Lecturer in Modern European History, Queen's University Belfast
Alexander Titov does not work for, consult, own shares in or receive funding from any company or organisation that would benefit from this article, and has disclosed no relevant affiliations beyond their academic appointment.

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It’s been a year since I last visited Russia. Back then, most people I met thought the prospects of a war with Ukraine were very remote, despite the massive troops build-up on the border. So I was curious to see how attitudes had changed since then. Equally important was to see for myself how the war has changed life in Russia.
The first surprise was how normal life was. Despite all the media reports of doom and gloom as a result of western sanctions, everything works just as before. Domestic banking is working, salaries and pensions are paid on time, ubiquitous e-commerce is bustling with activity, the shops are stuffed with food and consumer goods. In St Petersburg, at least, I’ve struggled to notice any change in daily life compared to January 2021.
Yet, digging deeper and the impact of sanctions is there. One issue that kept popping up was spare car parts, which have become noticeably more expensive. But even there new supplies are being shipped now. This goes pretty much for everything else consumer orientated. There’s no shortages, even of western goods such as whisky – the supermarket shelves are fully stocked.
EU travel restrictions have had their effect – but nothing like the measures introduced during the COVID pandemic. People can still travel to many countries, including Turkey, Egypt or the Gulf states.
Business people complain of facing difficulties, particularly those in the import/export sector. But, after a few months of chaos, business has been finding new shipping routes via third countries such as Turkey or Kazakhstan.
An acquaintance who works in a defence-related sector laughed at the suggestion that Russia could run out of missiles. He told me the defence industry had been stockpiling essential parts for years and is also using more locally sourced alternatives (although this is a claim I was unable to verify). The rest can still be bought – albeit at inflated prices. Their real problem is not a lack of parts, but the capacity to scale up production to meet growing military orders.
The general impression from conversations with people in different businesses is that their main focus is on adapting to the new normal. Many things will be less efficient and more expensive, but the Russian economy will not collapse.
If this is a crisis for Russia – which it is – it’s nothing like the turmoil of the early 1990s when the state, society and economy were all collapsing at the same time.
Another surprising thing I’ve found is the extent to which the war is avoided on a day-to-day basis. You see reports about it on TV news and chat shows (which steadfastly follow the government line), but I felt much better informed about the war using the Telegram app in Belfast, where I live and work, than when talking to actual people in St Petersburg. I found you could have whole conversations without Ukraine ever coming up, unless I deliberately mentioned it.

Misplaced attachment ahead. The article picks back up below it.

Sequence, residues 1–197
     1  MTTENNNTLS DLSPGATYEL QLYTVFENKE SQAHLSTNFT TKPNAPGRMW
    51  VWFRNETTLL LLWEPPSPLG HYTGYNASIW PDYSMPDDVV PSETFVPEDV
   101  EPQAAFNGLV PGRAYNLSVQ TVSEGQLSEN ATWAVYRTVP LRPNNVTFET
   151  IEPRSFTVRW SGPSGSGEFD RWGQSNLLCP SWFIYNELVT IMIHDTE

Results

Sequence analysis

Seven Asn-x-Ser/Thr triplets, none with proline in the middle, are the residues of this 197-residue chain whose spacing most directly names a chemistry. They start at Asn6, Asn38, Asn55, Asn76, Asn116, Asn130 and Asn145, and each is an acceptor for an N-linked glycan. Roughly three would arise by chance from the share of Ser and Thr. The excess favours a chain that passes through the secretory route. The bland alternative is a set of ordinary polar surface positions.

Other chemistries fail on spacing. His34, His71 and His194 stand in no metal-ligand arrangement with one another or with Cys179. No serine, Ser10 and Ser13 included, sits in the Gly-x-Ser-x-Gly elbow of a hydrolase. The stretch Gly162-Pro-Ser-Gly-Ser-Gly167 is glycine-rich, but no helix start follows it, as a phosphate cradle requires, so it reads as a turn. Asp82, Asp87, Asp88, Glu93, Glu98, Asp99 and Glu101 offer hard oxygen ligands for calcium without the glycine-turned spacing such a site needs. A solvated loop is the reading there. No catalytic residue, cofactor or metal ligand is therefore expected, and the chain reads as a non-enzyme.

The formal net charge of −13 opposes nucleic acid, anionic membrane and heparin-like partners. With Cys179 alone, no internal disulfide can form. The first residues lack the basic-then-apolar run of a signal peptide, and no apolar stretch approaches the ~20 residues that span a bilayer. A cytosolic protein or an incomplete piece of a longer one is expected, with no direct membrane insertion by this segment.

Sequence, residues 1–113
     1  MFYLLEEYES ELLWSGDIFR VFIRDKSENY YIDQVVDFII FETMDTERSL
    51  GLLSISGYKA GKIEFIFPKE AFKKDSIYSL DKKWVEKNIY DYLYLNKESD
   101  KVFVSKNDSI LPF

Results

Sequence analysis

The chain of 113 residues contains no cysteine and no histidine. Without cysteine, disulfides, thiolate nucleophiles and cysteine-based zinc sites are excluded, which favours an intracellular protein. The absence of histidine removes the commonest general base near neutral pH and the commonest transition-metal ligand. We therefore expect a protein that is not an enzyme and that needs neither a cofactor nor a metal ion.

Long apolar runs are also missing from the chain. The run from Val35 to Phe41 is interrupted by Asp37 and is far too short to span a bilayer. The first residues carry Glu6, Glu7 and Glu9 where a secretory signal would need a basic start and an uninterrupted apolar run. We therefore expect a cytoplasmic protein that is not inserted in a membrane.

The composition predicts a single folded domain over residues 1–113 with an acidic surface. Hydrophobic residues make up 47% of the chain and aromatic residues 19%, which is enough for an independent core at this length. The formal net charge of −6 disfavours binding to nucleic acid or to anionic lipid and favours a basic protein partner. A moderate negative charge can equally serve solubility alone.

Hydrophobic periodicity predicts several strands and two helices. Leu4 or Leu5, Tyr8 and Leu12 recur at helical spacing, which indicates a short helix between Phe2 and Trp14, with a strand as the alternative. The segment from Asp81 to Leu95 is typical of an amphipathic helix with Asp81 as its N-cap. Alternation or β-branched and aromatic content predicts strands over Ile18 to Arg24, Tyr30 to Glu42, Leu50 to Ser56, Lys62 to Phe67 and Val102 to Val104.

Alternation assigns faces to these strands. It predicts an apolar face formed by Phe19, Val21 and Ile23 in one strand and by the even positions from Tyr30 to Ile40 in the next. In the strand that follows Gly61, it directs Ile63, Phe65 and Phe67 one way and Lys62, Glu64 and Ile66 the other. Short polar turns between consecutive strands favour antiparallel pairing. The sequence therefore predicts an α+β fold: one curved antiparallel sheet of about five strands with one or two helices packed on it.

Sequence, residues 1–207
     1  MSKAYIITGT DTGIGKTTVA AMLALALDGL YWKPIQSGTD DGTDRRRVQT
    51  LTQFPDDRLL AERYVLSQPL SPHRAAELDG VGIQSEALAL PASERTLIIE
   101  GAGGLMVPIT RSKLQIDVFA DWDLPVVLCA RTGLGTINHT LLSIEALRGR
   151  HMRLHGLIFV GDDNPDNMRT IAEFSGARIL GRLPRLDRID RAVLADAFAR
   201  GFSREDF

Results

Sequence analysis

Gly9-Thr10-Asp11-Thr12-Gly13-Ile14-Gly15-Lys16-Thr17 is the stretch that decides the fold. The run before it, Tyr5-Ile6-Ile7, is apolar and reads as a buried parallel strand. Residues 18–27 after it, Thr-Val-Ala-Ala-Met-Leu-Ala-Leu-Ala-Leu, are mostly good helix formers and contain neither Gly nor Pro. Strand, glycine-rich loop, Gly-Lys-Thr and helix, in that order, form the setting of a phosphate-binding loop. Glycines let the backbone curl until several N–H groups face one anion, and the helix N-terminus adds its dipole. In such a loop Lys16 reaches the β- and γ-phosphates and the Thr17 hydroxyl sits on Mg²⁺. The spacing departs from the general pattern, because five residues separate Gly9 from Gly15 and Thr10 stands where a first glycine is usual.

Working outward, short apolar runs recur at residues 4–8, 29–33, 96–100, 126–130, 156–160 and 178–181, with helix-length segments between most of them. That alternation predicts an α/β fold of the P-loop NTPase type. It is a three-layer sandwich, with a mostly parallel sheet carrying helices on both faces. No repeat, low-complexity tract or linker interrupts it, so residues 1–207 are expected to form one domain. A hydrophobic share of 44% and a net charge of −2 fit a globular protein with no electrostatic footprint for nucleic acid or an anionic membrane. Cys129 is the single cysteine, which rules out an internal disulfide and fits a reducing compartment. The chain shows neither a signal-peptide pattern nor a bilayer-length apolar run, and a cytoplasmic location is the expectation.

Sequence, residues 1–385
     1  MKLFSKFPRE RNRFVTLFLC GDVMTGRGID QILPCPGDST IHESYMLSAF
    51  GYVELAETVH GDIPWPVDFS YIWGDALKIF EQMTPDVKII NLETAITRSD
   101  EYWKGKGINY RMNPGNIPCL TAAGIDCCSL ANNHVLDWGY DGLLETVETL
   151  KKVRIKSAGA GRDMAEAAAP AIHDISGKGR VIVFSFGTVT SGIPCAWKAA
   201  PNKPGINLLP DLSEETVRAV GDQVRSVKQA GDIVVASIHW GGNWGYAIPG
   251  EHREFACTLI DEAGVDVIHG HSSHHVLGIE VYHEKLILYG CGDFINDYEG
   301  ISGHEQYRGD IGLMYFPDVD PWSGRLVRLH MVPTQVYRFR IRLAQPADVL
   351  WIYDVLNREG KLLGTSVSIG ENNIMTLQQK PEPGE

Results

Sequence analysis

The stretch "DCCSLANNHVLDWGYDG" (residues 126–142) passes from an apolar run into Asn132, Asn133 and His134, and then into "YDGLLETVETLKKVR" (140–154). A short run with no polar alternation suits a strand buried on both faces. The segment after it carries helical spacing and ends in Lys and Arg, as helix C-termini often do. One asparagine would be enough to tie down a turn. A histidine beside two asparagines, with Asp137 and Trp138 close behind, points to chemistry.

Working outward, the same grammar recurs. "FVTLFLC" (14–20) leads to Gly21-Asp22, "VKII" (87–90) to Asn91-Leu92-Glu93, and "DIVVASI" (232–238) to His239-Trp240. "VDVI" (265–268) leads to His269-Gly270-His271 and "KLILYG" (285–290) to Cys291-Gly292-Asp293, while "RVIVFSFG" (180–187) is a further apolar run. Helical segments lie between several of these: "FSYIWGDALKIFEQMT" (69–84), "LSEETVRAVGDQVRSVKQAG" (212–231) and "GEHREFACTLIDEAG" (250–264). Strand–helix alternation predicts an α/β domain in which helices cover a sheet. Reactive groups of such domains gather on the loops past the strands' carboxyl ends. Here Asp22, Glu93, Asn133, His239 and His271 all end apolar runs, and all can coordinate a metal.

My overall impression was that the invasion has reinforced people’s pre-existing views. Those who were always opposed to Putin hate it, while those who are supportive of the government remain largely in favour. But the vast majority tries to ignore it as much as they can.
No one I spoke to was happy that the war started – but there’s an important caveat: regretting it doesn’t mean they want to end it at all costs. Some said that one thing worse than a war is losing a war.
Nor did I see much evidence of popular protests. Obviously, many people who oppose Putin had fled the country already, especially since mobilisation began in September 2022. Many others opposing the war have been imprisoned. A couple of my friends (long-time critics of the regime) were planning to leave to avoid future mobilisation.
One of the most frequent questions I was asked related to the energy situation: “How much do you pay for gas in the UK?” The UK and the EU are presently suffering from high energy costs. But it’s unlikely the European economy will collapse or cause political unrest – the implicit assumption behind the question. It’s a similar situation in Russia. Despite western sanctions, it appears that there is little danger of Russia’s economy collapsing.
My distinct impression from two weeks in St Petersburg is that Russia’s society and economy are still nowhere near to being fully mobilised for the war effort. While the partial mobilisation in September and October last year brought the war closer to home, it involved a relatively small percentage of the population – from all of my acquaintances only one friend of a friend was called up. Meanwhile further rounds of mobilisation are to an extent baked in to people’s expectations. Barring huge military setbacks leading to a really extensive mobilisation, it appears that life on Russia’s home front is carrying on fairly normally.
One of the biggest lessons from my trip is the huge gap between representations of Russia in the west and what you see when you arrive there. This gap in perception is likely to increase because of the lack of people currently travelling there from the west and the suspension of professional and academic links.
Important as they are, reliance on comment from anti-Putin activists in exile or those remaining in Russia and still active on social media won’t help as they’re marginalised at home and lose contact with Russian reality while abroad.
The fact is that there is no substitute for seeing things for yourself. I found my recent trip to Russia stressful – but I’m glad I did it.
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